Monday, February 7, 2011

super fast, super delicious brunch

Sometimes I struggle to come up with menus, and sometimes the best ideas fall right into my lap. In the case of last weekend's brunch I got really lucky.

Recently I happened upon a link at The Kitchn for eggy, crispy, polenta with tomatoes and mushrooms, and couldn't bookmark it fast enough. The photo was fantastic, but doesn't that description sound so delicious? And then, as if on cue, Dan and I made brunch plans with some friends we don't see nearly enough. Instead of going out for overpriced eggs, they could come to our house and I'd make that very dish.

The whole trick of this recipe is that it calls for a tube of pre-cooked polenta. In the not-so-distant past, maybe I might have turned my nose up at those yellow tubes in the produce aisle at my grocery store. Polenta is so cheap and easy to whip up that buying it ready-made seemed sort of silly. 

But when it's Sunday morning and you're still in your pajamas even though brunch guests are on their way, pre-cooked polenta seems like the most brilliant invention ever. All you have to do is slice the log into rounds, dust with flour, and sear them off in a pan. Then you dress the crispy polenta up with whatever brunchy toppings your heart desires. It looks fancy but couldn't be easier to assemble. So points to The Kitchn for helping me get over another one of my snobby assumptions.

Topped with mushrooms, cheese, and poached eggs, this polenta dish was pretty much my ideal brunch. It's hearty enough to tide you over until dinner, but not so bloat-inducing that you have to sleep it off. A side of homemade sausage, and a little banana bread, and maybe a mimosa or two might be entirely unnecessary, but certainly didn't hurt.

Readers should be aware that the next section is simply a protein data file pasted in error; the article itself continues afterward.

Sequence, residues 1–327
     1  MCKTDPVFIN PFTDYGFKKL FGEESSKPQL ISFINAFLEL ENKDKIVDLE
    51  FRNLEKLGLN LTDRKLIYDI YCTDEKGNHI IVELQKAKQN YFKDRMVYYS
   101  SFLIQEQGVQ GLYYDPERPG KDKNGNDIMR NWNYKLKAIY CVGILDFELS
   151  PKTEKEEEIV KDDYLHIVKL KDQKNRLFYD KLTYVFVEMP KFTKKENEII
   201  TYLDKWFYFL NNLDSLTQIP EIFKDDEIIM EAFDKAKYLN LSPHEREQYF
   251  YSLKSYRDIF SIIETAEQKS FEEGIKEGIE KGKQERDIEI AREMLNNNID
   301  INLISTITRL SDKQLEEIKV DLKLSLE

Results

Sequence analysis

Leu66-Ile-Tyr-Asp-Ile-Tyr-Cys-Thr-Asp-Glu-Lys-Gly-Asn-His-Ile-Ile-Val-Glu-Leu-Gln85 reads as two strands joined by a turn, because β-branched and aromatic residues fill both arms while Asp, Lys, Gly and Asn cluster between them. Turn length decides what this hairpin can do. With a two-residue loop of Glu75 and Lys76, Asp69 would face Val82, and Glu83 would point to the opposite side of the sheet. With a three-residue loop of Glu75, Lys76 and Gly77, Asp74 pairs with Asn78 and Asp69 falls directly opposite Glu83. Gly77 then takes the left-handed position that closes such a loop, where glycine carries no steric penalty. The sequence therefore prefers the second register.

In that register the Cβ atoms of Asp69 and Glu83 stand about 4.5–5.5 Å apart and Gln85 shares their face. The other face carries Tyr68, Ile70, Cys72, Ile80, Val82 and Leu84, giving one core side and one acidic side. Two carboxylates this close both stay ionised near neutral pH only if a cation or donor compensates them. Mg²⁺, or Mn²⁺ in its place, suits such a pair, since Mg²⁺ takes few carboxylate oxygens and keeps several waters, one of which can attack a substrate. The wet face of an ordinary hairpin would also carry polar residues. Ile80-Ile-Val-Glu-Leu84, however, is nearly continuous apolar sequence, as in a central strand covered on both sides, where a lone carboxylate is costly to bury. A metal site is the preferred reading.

Crispy polenta with mushrooms and poached eggs
Adapted from The Kitchn. This recipe was originally billed as being gluten-free, which it is, if you dust the polenta rounds with cornstarch instead of flour. If you are afraid of poaching eggs--I was too, before I discovered the method below--you can easily top your polenta with sunny side up eggs. The flexibility of this dish is really wonderful.
(Serves 4) 

For the polenta: 
1 18 oz. tube of cooked polenta 
2 Tbsp. flour, for dusting 
2 Tbsp. canola oil 

For the mushrooms:  
2 Tbsp. butter
1/2 lb. mushrooms, sliced thinly (I used baby portabellos)
3 long stalks fresh thyme, leaves only 
2 Tbsp. white wine, vermouth, or water
Salt and pepper

For the poached eggs (see method below):
4 eggs
White vinegar (1/2 Tbsp. per quart of water)
Salt (1 Tbsp. per quart of water)

Garnishes:
Grated cheese (I used Gruyere, but any hard cheese will work)
Thyme springs

To cook the mushrooms, heat the butter in a large skillet over medium-high heat. When the butter has melted, add the thyme leaves and mushrooms and saute until the mushrooms are slightly brown. Add the wine (or whatever liquid you're using) to the pan and stir. Cook a few minutes, more until the mushrooms are tender. Add salt and pepper to taste. Set aside. Clean the skillet so you can make the polenta.

Preheat your oven to 200 degrees. Slice the tube of polenta into about 10 1/2-inch thick slices. Using a paper towel, pat each slice dry as thoroughly as you can. Lightly dust both sides of each slice with a sprinkle of flour.